16. Elaborate arguments have been advanced on either side before us, re-affirming the contents of the affidavit and counter affidavit, as the case may be.
17. Mr.R.Sankarasubbu, the learned counsel appearing for the appellant would argue that it is nothing but a cold blooded murder of a rights activist by the Police, concocting a story of extremism and violent attack by the deceased. The learned counsel would argue that not only the deceased, but also Siva @ Partheeban were kept in illegal custody by the police and after continuous ill-human treatment and torture meted out to them, Ravinder was done to death by Police from a point blank range, for which Siva @ Partheeban was the eye-witness, who has submitted a sworn-affidavit to this Court, a copy of which is available in the typed set of papers. He further submitted that subsequently, even the above said Siva @ Partheeban was shot dead, in another fake encounter by the Anti Naxalite Squad headed by Mr.Ekanathan, Inspector of Police, ‘Q’ Branch, Dharmapuri on 24.11.2002 at 1.30 pm in Slaijohipatti village of Dharmapuri District, in order to suppress the truth.
18. The learned counsel would further argue that even in the RDO enquiry conducted as per Police Standing Order 145, the statement of the above said Siva @ Partheeban was not taken into consideration. The learned counsel would submit that the enquiry conducted and report submitted under PSO 145 does not have any evidentiary value as the said provision is only directory in nature. The learned counsel would submit that if this type of fake encounters are encouraged and the culprits of the offence are left unpunished, the very roots of the democracy will be ruined. In support of his arguments, the learned counsel would rely on the following judgments:
1. THE STATE OF ANDHRA PRADESH vs. N.VENUGOPAL AND OTHERS [(1964) 3 SCR 742
= AIR 1964 SC 33];
2. R.S.SODHI vs. STATE OF U.P. AND OTHERS [1994 SUPP.(1) SCC 143];
3. RUBABBUDDIN SHEIKH vs. STATE OF GUJARAT AND OTHERS [(2010) 2 SCC (Cri)
4. THE STATE OF MAHARASHTRA vs. FAROOK MOHAMMED KASIM MAPKAR AND OTHERS [2010 (6) SUPREME 95] and
5. K.G.KANNABIRAN vs. CHIEF SECRETARY, GOVT.OF A.P. AND OTHERS [1997 (4) ALT 541].
19. In the first judgment cited above, a Three Judge Bench of the Honourable Apex Court, dealing with the point of legal validity of the enquiry under Police Standing Order 145, has held as follows:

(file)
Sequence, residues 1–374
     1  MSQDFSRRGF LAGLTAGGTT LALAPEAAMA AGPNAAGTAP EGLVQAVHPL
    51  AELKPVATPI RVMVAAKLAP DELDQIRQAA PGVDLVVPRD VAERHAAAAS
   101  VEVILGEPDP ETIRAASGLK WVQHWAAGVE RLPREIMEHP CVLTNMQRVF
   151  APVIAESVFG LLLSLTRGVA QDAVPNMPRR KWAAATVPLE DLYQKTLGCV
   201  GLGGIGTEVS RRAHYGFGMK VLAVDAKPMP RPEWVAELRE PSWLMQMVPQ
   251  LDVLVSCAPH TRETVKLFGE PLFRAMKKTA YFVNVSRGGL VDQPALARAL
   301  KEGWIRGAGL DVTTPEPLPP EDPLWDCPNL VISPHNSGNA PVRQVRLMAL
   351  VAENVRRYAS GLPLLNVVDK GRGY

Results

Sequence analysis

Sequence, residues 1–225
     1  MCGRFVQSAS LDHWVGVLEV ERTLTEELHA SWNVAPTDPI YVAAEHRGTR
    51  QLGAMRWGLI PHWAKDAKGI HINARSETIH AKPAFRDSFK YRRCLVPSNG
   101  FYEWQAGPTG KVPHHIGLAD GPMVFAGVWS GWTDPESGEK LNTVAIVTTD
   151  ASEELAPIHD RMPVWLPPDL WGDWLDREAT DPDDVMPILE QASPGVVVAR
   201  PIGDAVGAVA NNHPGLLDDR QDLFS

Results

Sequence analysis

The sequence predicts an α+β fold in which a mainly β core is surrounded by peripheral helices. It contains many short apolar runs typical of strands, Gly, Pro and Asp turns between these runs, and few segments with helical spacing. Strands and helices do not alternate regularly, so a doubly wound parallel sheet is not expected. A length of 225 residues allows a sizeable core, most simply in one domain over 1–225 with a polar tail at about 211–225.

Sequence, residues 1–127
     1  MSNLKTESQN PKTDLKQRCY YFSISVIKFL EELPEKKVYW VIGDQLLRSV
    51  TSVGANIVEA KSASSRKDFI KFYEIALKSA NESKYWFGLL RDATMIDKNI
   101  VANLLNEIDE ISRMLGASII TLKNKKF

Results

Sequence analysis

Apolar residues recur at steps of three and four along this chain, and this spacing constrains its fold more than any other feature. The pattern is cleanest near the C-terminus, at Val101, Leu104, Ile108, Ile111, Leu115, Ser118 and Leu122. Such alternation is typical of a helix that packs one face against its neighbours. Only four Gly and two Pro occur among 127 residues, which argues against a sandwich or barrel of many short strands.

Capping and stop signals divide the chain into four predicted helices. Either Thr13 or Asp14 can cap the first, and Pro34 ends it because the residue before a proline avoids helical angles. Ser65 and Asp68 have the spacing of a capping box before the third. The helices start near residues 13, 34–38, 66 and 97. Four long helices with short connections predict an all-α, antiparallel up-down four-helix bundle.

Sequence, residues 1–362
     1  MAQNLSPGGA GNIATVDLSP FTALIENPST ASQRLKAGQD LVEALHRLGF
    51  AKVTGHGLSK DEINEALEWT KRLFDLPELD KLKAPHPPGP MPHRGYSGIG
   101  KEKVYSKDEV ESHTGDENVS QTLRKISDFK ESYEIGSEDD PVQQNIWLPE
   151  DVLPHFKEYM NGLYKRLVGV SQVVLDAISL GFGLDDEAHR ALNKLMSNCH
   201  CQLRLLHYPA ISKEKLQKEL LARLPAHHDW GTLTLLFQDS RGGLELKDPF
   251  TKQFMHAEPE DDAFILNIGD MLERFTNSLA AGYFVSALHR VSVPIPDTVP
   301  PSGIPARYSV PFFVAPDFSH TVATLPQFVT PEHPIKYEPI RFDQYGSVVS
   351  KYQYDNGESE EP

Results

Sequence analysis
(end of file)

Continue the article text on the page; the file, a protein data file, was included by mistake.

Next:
"It is contended that the provisions of the Code of Criminal Procedure for investigation of crime are superseded by this Standing Order and so the investigation by the Inspector, CID, was illegal. In our opinion, there is no substance in this argument. It appears to us that this Standing Order is nothing more than administrative instructions by the Government of Madras and has not the force of law. It is worth noticing in this connection that in the Madras Police Standing Orders as published by the Government of Madras it is mentioned in the prefatory note that the orders marked with asterisk were issued by the Inspector-General of Police under Section 9 of the Madras District Police Act. The Standing Order 145 is not marked with asterisk and it could be safely held that it was not issued under Section 9 of the Madras District Police Act. The marginal note against the order as printed shows that it was issued by a Government Order of the Home Department dated October 12, 1955. It does not appear that this was done under any statutory authority. There can be no doubt that quite apart from the fact that the Government may and often should issue instructions to its officers, including police officers, such instructions have not however the authority of law. We are not satisfied therefore that the Standing Order 145 had the force of law.